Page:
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XINHUA (China), AL JAZEERA (Qatar)

Worldcrunch

CHENGPING - Twenty-two school children and a villager were injured in a knife attack at the outside a primary school in central China's Henan Province Friday morning, reports Xinhua.

A police officer said the attack occured in the village of Chengping in the province of Henan, shortly before 8 A.M. on Friday, as students were arriving for classes, reports Al Jazeera.

The attacker, believed to be 36-year-old villager Min Yingjun, is in police custody, said officials.

The wounded villager is an elderly woman, according to a local hospital administrator. Two students have been transferred to "better-equipped" hospitals outside the county.

Over the past few years, China has seen a worrying spate of school stabbings, leading to increased security at schools across the country and legislation requiring people to register when buying large knives.

In March 2010, eight children were stabbed to death in the south China city of Nanping.

The 41 year-old murderer was executed a month later, hours before another attacker injured 16 students and a teacher at Hongfu Primary School in Leizhou, Guangdong, reports Al Jazeera.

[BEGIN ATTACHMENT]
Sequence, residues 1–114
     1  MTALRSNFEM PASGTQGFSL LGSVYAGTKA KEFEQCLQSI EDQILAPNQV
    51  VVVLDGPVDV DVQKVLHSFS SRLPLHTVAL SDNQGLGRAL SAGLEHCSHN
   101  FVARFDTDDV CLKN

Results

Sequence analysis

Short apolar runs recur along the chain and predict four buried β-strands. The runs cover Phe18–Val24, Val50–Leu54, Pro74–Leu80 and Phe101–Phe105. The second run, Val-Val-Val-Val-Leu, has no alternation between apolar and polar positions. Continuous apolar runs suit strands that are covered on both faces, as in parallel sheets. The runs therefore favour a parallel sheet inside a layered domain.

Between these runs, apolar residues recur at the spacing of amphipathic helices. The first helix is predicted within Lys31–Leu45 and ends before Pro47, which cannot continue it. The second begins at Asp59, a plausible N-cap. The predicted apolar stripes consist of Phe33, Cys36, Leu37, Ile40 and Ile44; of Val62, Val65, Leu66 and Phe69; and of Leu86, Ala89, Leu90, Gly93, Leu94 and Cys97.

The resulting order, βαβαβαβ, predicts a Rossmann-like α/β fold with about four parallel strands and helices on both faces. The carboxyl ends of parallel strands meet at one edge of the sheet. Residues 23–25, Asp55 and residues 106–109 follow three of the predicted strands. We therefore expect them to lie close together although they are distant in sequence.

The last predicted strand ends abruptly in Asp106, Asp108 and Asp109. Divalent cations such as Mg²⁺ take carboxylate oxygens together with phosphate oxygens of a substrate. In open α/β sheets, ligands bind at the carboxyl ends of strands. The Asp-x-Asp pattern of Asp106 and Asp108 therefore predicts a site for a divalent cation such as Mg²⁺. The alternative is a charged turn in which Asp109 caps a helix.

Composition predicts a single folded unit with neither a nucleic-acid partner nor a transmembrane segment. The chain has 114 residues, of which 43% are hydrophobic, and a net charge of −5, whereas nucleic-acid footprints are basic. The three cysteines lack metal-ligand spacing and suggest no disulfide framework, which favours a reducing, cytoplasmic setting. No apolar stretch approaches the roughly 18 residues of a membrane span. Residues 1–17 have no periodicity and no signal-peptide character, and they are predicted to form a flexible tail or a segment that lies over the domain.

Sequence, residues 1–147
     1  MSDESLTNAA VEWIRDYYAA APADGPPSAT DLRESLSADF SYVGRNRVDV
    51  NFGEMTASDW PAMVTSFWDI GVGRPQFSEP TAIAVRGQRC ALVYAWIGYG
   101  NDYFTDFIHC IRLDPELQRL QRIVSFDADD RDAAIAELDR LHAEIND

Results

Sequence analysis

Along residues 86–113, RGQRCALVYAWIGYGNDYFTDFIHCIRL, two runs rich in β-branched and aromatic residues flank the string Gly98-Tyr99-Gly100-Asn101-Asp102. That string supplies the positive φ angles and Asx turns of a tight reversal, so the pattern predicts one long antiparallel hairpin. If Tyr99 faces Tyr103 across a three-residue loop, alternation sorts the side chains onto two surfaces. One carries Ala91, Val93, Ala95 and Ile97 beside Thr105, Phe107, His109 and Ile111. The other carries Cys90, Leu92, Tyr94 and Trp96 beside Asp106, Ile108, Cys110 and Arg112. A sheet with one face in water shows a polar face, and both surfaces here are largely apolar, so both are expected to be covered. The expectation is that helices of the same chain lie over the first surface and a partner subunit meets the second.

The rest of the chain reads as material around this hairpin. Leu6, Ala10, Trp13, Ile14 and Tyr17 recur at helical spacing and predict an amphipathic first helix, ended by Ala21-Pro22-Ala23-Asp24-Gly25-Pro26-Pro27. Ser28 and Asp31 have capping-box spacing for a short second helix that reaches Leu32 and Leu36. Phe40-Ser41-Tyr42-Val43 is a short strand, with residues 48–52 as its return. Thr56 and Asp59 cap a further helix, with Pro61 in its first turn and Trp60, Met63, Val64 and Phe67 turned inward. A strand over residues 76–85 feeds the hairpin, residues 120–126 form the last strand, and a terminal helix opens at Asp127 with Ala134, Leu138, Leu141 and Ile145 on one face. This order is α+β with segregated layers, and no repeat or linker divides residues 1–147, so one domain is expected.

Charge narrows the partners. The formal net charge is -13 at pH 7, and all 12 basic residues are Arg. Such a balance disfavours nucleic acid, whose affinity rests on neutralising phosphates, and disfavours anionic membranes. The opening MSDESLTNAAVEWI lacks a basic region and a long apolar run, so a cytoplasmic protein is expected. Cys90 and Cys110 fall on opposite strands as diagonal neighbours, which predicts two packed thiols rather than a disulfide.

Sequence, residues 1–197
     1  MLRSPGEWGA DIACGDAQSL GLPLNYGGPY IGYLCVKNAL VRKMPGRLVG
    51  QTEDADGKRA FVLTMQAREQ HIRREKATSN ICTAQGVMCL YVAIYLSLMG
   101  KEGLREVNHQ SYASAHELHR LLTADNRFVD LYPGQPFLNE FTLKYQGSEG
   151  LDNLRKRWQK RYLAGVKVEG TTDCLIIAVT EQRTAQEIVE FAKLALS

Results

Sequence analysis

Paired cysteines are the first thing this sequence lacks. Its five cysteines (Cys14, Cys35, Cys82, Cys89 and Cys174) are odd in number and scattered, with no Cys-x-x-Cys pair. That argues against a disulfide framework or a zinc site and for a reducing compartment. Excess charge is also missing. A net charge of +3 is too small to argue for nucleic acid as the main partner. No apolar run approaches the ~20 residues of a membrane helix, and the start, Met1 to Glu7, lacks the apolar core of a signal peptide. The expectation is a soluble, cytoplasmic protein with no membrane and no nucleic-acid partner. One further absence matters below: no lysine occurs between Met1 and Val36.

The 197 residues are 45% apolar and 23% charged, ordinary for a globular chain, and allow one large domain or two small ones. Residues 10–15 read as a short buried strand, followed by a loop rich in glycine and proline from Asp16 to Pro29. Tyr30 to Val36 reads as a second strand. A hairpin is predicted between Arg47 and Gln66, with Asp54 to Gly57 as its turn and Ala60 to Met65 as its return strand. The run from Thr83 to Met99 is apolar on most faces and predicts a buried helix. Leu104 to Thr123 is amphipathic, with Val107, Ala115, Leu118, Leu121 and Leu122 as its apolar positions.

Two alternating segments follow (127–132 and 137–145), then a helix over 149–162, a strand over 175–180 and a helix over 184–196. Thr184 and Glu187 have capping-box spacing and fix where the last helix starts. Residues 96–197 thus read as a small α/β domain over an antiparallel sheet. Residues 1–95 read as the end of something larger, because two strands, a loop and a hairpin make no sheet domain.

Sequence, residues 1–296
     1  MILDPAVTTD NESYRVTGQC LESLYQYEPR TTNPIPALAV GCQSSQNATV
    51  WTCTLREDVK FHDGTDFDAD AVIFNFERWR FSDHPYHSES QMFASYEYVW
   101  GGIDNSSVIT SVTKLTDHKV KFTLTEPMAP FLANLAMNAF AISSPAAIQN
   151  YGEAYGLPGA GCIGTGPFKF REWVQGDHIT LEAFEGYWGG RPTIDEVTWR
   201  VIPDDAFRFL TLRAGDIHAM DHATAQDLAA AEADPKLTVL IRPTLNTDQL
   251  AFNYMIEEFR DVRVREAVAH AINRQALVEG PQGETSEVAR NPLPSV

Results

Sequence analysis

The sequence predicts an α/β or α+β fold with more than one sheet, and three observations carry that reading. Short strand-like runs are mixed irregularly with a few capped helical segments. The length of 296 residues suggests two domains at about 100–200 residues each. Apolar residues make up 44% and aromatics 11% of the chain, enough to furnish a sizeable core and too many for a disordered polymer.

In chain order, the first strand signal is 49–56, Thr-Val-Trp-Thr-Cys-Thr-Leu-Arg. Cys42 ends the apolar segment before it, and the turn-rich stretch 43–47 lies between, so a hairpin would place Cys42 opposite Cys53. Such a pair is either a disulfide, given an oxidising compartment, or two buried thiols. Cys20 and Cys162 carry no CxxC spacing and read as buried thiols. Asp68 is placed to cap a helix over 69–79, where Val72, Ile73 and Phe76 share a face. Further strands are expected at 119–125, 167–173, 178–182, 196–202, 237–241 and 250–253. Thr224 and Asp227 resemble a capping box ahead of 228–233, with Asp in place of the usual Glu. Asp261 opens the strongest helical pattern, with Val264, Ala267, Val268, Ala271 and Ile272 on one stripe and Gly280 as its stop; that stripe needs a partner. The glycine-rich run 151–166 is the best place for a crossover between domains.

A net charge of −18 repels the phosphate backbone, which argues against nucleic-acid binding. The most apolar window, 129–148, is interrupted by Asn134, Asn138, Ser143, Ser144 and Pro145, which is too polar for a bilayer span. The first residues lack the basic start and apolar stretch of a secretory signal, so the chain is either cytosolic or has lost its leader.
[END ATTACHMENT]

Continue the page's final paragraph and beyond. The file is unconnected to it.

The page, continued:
In April 29 2010, 28 school children - mostly four-year-olds - were stabbed alongside two teachers and a security guard in Taixing near Shanghai.


On April 30, a forty-five year old man committed suicide after using a hammer to attack preschool children in rural Shandong.

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Geopolitics

How South American Oceans Can Sway The U.S.-China Showdown

As global rivalries and over-fishing impact the seas around South America, countries there must find a common strategy to protect their maritime backyards.

RIMPAC 2022

Juan Gabriel Tokatlian

-Analysis-

BUENOS AIRES — As the U.S.-China rivalry gathers pace, oceans matter more than ever. This is evident just looking at the declarations and initiatives enacted concerning the Indian and Pacific oceans.

Yet there is very little debate in South America on the Sino-American confrontation and its impact on seas around South America, specifically the South-Eastern Pacific (SEP) and South-Western Atlantic (SWA). These have long ceased to be empty spaces — and their importance to the world's superpowers can only grow.

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